In September 2018, I wrote about The Guaranteed Offer of Credit, which results from prescreening. That post can be viewed here. It is important to note that there is a substantial difference between prescreening and prequalification, and that difference may offer lenders and credit sellers some options to consider.
Prescreening is the process that credit reporting agencies (CRAs) go through to offer a list of consumers to a creditor to whom to make guaranteed offers of credit. The process begins with the creditor supplying to the CRA the criteria that it wants in the CRA’s development of a list of potential customers for the creditor. The catch is that, with limited exceptions, the creditor must extend a guaranteed offer of credit to all prescreened consumers on the list. The limited exception is that a consumer must continue to meet the creditworthiness standards included in the original criteria. Determining this continuing compliance is known as post-screening.
Not to be confused with prescreening and post-screening, there is yet another type of “screening” known as prequalification.
Unlike prescreening, prequalification still requires a consumer’s assent to access the consumer’s credit history. The process often starts from a fairly bland solicitation wherein the marketing asks a consumer if he or she would like to see information on certain credit finance options—for example, qualifying for a home loan, auto, or RV finance opportunities. Often, consumers do not even realize that by answering “yes,” they have authorized a “soft pull.”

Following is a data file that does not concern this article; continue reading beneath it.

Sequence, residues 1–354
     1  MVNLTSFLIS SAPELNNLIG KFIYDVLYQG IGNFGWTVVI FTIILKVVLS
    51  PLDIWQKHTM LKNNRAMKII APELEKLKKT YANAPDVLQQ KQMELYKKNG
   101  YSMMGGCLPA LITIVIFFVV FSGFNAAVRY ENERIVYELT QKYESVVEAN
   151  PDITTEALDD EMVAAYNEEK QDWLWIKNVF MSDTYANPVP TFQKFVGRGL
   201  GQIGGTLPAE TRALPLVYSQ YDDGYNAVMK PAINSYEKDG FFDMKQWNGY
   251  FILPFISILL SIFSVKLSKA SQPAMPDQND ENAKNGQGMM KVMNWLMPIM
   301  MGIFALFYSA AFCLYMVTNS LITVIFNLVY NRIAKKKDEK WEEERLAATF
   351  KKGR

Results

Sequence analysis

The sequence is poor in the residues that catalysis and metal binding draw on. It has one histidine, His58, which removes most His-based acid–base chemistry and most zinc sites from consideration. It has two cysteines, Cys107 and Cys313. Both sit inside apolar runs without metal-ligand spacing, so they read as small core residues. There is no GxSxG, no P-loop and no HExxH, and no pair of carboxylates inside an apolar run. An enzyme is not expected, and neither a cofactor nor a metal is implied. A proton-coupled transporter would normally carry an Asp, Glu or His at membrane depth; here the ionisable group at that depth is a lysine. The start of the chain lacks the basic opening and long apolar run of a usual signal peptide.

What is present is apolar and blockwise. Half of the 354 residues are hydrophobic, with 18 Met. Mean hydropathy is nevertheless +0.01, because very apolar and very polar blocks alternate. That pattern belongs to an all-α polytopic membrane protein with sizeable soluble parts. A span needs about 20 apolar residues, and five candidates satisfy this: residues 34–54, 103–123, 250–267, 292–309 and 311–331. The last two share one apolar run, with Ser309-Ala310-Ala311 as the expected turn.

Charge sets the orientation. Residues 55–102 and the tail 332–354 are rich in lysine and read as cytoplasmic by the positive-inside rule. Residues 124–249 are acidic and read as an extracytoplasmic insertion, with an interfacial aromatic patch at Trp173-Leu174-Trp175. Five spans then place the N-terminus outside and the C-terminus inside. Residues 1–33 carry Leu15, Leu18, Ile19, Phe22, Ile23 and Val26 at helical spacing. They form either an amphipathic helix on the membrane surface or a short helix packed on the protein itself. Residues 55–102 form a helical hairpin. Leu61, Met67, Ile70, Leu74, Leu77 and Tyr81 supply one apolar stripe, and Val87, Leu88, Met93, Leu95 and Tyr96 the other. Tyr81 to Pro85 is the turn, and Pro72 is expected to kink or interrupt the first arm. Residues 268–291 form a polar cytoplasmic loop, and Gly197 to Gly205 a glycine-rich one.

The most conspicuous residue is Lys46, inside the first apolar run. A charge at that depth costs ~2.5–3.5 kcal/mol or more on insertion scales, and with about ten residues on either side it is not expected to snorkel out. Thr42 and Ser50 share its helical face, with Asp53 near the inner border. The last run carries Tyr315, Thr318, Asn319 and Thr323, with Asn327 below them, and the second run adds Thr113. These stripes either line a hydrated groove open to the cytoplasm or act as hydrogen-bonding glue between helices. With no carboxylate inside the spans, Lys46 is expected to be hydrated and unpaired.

Once the creditor obtains this assent, it then directs the CRA to make a soft inquiry into the consumer’s credit history. This is known as a soft pull. If the creditor is responding to an affirmative direction from the consumer, even though not an actual credit application, then the creditor does not have to make a firm offer of credit. Since such solicitations may even be made to consumers who have otherwise opted-out of receiving firm offers of credit, this prequalification tool can be very useful in marketing. So, this is a good result for the creditor.
It is also a good result for consumers because creditors may only use a soft pull for pre-qualifications, rather than a “hard pull.” A soft pull does not adversely affect a consumer’s credit score, but a hard pull does. That is, hard inquires affect a consumer’s credit score. A hard inquiry occurs when a consumer applies for a specific financial product. When there are a number of hard inquiries, CRAs consider that a negative factor and a consumer’s credit score is adversely impacted. So, prequalification enables consumers to benefit by receiving the sought-after credit information without actually applying for credit and without impacting the credit score.
Practice Pointer: The rules surrounding prescreening and prequalification can get technical, so be prepared to talk to your compliance expert when putting together a prequalification marketing initiative.
Please note: This is the seventy-fifth blog in a series of Back to Basics blogs, in which relevant and resourceful information can be easily accessed by clicking here.